• Seasonal affective disorder (SAD). This form of depression usually happens in winter when there’s less sunlight. Most people with SAD tend to feel better in the spring and summer.
  • Postpartum depression. This is major depression that happens after giving birth. It’s more severe and lasts longer than mild unhappiness and other mood changes that are often called the “baby blues.” Major depression may also begin during pregnancy. Depression that happens during or shortly after pregnancy is called “perinatal depression.” Medical experts recommend routine depression screening during pregnancy and after birth.

Why do I need depression screening?

Depression screening is often part of a routine checkup. You may also need depression screening if you show signs of depression, which may include:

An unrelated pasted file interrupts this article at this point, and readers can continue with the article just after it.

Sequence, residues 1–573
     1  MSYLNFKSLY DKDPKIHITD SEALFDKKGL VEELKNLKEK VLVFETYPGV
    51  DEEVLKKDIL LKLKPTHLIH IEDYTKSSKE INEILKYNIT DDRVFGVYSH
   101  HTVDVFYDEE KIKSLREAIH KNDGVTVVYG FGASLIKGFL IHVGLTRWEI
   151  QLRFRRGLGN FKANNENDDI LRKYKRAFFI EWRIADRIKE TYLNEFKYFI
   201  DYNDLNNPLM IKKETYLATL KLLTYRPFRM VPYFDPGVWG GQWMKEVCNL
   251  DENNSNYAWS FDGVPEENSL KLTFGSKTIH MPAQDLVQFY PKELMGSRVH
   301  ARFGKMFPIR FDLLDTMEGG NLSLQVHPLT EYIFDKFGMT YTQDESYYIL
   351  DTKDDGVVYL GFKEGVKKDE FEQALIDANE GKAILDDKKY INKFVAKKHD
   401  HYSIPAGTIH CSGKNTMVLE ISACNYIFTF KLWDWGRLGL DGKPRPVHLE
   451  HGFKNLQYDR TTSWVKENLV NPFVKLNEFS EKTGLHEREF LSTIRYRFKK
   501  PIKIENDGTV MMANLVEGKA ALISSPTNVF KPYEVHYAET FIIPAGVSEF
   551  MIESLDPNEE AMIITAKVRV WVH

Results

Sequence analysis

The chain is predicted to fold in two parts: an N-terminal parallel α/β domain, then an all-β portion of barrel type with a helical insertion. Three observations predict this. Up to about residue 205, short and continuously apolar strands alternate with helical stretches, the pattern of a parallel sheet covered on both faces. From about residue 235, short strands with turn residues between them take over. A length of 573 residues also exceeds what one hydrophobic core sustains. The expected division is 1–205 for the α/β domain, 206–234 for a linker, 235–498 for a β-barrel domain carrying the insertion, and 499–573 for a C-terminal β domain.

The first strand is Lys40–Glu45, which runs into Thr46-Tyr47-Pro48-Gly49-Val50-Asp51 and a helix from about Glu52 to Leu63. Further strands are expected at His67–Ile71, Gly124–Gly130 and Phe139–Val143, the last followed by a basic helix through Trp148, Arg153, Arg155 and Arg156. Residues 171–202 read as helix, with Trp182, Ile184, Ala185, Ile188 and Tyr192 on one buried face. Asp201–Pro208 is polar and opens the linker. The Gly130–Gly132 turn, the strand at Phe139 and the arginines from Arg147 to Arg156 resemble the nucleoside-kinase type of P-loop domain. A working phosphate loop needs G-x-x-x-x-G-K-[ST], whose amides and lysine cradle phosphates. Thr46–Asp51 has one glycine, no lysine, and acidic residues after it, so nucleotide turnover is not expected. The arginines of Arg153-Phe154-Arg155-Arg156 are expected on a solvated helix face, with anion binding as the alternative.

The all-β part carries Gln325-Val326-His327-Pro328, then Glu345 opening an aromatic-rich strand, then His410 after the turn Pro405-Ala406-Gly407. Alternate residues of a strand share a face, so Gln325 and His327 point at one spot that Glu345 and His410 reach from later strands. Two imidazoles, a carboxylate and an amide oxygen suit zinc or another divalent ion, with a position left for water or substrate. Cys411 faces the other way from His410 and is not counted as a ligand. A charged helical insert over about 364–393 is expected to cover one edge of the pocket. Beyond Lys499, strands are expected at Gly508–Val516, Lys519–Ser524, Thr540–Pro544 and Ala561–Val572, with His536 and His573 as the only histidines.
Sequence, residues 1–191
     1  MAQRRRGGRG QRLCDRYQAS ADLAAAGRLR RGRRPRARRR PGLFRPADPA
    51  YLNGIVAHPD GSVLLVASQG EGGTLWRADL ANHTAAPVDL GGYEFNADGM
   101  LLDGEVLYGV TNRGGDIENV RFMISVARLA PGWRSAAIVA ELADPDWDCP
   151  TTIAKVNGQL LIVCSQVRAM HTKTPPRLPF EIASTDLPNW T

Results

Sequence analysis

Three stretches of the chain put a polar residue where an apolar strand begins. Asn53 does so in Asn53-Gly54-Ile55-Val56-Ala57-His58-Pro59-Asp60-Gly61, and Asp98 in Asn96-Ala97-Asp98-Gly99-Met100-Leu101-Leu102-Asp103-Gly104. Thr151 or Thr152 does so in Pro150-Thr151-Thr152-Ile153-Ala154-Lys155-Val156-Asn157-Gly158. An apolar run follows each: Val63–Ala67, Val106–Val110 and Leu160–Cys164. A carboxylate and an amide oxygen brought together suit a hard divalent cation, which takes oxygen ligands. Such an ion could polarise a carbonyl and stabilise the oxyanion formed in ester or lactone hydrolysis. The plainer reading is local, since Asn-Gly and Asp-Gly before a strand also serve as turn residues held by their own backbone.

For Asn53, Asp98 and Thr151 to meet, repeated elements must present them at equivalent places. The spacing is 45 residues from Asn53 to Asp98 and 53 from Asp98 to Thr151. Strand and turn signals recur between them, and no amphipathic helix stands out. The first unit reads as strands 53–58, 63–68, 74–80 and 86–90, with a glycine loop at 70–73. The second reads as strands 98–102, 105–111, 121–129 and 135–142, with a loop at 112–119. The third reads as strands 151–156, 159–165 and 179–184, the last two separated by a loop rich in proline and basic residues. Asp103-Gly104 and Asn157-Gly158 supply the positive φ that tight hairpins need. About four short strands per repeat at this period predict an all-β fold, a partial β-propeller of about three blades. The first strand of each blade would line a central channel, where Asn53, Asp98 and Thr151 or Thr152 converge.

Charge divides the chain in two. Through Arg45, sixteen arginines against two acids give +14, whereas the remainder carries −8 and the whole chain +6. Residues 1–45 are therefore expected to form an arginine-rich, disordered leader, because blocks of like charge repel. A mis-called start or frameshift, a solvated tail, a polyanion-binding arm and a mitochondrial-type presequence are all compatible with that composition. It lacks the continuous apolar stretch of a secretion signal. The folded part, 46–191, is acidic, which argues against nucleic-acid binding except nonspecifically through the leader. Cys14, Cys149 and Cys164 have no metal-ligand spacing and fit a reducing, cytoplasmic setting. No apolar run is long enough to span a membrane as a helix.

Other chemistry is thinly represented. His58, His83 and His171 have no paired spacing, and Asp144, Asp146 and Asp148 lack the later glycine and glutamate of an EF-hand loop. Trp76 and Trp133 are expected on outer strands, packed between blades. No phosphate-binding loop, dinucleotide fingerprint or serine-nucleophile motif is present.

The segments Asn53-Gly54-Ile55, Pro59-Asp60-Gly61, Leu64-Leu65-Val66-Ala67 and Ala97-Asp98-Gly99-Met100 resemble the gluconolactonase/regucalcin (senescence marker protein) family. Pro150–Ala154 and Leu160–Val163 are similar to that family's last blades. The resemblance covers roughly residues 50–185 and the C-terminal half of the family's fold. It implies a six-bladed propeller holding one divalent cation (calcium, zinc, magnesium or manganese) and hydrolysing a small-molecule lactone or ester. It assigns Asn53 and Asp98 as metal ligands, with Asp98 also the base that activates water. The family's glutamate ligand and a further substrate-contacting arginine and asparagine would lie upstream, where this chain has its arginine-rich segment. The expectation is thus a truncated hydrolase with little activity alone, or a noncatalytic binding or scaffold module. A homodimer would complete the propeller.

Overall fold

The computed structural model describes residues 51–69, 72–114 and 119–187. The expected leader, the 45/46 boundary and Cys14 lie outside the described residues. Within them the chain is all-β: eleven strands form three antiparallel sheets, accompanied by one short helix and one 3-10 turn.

• Loss of interest or pleasure in activities you used to enjoy
  • Feeling sad or anxious
  • Feelings of guilt, worthlessness or helplessness
  • Trouble sleeping (insomnia) or sleeping too much
  • Fatigue and lack of energy
  • Trouble concentrating, remembering details, or making decisions
  • Changes in your weight
  • Thoughts of hurting yourself or suicide

If you are thinking about suicide or hurting yourself, get help right away:

  • Call 911 or go to your local emergency room
  • Contact a suicide hotline. In the United States, you can reach the National Suicide and Crisis Lifeline at any time:
    • Call or text 988
    • Chat online with Lifeline Chat
    • TTY users: Use your preferred relay service or dial 711 then 988
    • Call 988 then press 1
    • Text 838255
    • Chat online

    What happens during depression screening?

    During a depression screening, you’ll answer a standard set of questions. Your provider may ask the questions, or you may fill out a questionnaire form to discuss with your provider later.

    In general, the questions ask you about:

    • Changes you’ve noticed in your: